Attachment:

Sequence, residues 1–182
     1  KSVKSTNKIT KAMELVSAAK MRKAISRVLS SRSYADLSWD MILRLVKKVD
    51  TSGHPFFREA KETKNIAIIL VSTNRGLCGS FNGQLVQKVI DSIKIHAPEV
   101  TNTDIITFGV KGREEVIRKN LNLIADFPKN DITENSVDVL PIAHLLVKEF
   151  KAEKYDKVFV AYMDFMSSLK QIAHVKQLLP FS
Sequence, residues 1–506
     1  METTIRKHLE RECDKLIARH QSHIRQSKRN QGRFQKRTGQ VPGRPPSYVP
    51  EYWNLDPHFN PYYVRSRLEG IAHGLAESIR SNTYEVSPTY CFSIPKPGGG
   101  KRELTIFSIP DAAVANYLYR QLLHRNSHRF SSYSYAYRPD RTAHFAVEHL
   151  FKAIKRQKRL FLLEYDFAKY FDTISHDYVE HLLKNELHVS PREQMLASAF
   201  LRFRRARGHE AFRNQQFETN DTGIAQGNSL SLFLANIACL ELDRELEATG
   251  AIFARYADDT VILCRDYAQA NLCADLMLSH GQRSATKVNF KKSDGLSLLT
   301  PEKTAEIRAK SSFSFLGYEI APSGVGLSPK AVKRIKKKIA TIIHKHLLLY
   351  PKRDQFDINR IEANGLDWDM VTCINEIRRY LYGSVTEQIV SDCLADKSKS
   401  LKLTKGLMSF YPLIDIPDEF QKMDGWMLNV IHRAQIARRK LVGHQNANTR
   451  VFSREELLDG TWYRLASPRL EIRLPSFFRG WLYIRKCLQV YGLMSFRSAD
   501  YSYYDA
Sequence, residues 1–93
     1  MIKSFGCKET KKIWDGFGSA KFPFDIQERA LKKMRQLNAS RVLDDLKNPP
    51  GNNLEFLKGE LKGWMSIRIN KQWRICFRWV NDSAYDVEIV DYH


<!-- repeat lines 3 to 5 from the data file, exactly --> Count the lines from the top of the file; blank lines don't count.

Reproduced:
    51  TSGHPFFREA KETKNIAIIL VSTNRGLCGS FNGQLVQKVI DSIKIHAPEV
   101  TNTDIITFGV KGREEVIRKN LNLIADFPKN DITENSVDVL PIAHLLVKEF
   151  KAEKYDKVFV AYMDFMSSLK QIAHVKQLLP FS